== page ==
Saturday, September 02, 2006

Stagefright and teaching


I just read the report on stagefright in the New Yorker for August 28, 2006. “Petrified,” by John Lahr, reports on disastrous attacks of stagefright on various actors, and quotes many actors and writers trying to describe the effects. At first, I thought, “Whew! I’m sure glad I’m not an actor!” But, as I read, I felt more and more uncomfortable, aware that I knew some of these feelings too well:

Instead of being protected , as usual, by the character he is
playing, he suddenly stands helpless before the audience as
himself; he loses the illusion of invisibility. His authority
collapses and he feels naked, as if he were exposing to the
judgmental spectators “an image of the man behind the
mask,” says the American psychoanalyst Christopher
Bollas,.... “There is this catastrophic loss of confidence, ...
You lose your radar–like a surfer. You can ride a ten-foot
wave with real confidence, not thinking about it, just doing
it. Then all of a sudden, you become too self-aware. You
think too much. You get wiped out.”


This is eerily like my experiences when I lose concentration while teaching. Aaagh! Stagefright can attack professors, librarians, anybody who performs in front of others. I usually sail along blithely, connecting to the class and building my confidence from that connection. But once in a while, a student who is IM-ing or
just not into it throws off my concentration and I have to really fight that sense of sudden exposure. It is a terrible thing to suddenly be aware of those judging eyes looking at you with no sense of partnership. “Petrified” discusses it:

The actor’s success depends on his ability to conquer the
audience, which is why the encounter is so often fraught
with excitement and danger. “The relationship is
undoubtedly sexual,” [yipes!] the British character actress
Anna Massey says. "You get to know an audience very,
very quickly. within the first five minutes. They become
your friends or they become difficult to woo. Sometimes
they’re never won.”


All the central traumas of childhood–being alone,
abandoned, unsupported, emotionally abused–are revived
for an actor [or a teacher!] when he appears before the
paying customers, who have the power to either starve him
of affection or reward him with approval. ... When things
are going well, the stage and the house merge and a sort of
imaginative union is achieved. The intimacy is palpable on
both sides of the footlights; the audience seems to breathe
with the actors. “There is brilliant intellectual clarity, a
sense of boundless, inexhaustible energy as the chambers of
the brain open up,” [Ian] Holms says of a successful
performance. “Your whole existence is lit up by a dazzling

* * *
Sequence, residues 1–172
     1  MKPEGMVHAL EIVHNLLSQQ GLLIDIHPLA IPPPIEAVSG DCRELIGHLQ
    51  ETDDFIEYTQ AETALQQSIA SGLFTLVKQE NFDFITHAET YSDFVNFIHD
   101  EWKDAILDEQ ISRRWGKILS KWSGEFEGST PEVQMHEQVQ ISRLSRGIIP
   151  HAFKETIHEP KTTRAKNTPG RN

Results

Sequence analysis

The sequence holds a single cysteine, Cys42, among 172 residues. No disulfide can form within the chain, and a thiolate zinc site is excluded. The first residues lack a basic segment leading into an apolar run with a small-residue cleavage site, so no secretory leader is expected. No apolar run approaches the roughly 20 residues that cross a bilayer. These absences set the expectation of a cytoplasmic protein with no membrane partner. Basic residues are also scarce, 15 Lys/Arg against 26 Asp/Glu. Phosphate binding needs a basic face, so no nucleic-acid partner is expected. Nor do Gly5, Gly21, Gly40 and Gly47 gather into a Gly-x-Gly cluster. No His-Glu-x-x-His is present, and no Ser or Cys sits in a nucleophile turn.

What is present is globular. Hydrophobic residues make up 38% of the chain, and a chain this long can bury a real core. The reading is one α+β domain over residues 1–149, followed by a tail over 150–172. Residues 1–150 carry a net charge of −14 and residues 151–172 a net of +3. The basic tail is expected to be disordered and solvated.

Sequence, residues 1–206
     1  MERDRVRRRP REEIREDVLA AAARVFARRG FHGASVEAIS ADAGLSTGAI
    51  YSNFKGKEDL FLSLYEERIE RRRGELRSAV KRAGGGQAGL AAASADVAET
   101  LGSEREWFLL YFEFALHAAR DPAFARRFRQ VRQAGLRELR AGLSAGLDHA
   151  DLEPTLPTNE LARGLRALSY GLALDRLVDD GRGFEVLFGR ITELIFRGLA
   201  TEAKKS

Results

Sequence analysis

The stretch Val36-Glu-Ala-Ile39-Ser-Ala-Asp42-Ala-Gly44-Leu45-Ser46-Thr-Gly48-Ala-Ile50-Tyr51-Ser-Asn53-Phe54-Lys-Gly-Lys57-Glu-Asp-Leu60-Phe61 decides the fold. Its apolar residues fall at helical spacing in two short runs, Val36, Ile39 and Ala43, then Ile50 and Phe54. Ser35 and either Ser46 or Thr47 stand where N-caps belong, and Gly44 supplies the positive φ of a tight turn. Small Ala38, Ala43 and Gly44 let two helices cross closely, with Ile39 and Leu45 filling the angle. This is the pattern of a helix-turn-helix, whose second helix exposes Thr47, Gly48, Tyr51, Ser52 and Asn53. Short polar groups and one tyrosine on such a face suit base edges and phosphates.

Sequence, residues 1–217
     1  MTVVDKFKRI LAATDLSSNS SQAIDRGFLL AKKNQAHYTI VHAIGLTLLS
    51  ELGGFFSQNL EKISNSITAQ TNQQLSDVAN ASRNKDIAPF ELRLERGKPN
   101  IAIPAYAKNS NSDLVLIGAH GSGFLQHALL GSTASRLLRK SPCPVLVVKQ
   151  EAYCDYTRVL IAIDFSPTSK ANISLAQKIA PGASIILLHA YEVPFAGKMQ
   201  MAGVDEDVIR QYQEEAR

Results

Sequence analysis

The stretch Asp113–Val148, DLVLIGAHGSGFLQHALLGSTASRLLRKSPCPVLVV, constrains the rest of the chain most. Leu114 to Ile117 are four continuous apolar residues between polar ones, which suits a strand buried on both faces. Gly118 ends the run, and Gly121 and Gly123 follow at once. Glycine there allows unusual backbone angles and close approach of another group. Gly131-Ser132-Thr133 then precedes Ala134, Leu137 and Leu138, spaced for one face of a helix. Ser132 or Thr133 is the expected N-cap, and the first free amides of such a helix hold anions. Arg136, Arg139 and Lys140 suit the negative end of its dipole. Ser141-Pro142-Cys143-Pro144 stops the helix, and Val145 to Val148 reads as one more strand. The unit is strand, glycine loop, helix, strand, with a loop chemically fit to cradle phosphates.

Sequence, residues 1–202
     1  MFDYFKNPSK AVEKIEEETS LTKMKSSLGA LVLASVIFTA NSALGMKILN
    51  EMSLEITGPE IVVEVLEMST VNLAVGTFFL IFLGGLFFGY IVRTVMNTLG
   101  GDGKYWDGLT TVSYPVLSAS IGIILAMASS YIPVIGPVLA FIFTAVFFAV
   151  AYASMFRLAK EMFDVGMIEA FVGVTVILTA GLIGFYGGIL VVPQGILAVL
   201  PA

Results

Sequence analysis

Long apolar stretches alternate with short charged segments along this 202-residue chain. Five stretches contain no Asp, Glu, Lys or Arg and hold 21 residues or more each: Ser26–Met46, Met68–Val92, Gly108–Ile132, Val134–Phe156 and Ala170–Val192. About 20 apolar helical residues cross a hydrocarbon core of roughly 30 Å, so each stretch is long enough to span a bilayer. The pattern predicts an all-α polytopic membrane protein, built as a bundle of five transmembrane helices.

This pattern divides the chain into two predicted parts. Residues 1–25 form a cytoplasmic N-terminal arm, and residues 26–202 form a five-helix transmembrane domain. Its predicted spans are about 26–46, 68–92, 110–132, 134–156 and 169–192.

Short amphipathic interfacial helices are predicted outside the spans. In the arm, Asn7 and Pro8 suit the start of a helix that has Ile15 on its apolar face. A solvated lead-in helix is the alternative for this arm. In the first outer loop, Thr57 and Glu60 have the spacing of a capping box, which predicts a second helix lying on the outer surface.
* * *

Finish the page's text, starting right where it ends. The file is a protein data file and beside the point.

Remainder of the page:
sense of potential,” [Stephen] Fry, explaining why he put
himself through the stress of acting says, “You’re trying to
recapture the ‘first fine, careless rapture.’ The first time
you felt king of time and space, the first spinning joy of it

P. 40

The essay thus neatly captures both the heaven of intense and satisfying connection to the students and the absolute hell of missing that connection! It’s been a while since I thought of teaching as being this intense of an experience. But I certainly
experienced that when I started out. And when I “hit the sweet spot” with a class, it is, indeed exhilarating still. Perhaps you have to risk the terrible abandonment and terror of stagefright to achieve that “dazzling sense of potential!” Sleepwalking professors may not ever have experienced the awful sense of standing naked to the judgement of the class, just as they never have that sense of intense connection with their audience.

I have had faculty friends describe a bad class as “crashing and burning.” I have faculty friends who prepare for class and seem to me to be absolutely sizzling with energy. I only teach one class a week, and had not thought of these polar extremes applying to myself for quite a while. Maybe it’s time to give myself over to the muse if I’m going to go on teaching. Come to think of it, both these friends were rather young at the time I am recalling. I wonder if my faculty friends who’ve been teaching longer have that same sense now? Is it a matter of maturing as a prof or is it a matter of skating the edge of disaster in service of the art?

The decoration is Edvard Munch's The Scream, courtesy of an art education page,


Marie S. Newman said...

I know this comment is irrelevant to your post, but I was delighted to see that the two Munch paintings were recovered in Norway.

Betsy McKenzie said...

Yay! I found that, too, when I was searching for a new image. Was there ever a painting that could more accurately depict the feeling of being a stolen painting? If you stole the Mona Lisa, she would go on smiling ambiguously. When they stole the Scream, the painting just looked horrified! Love it.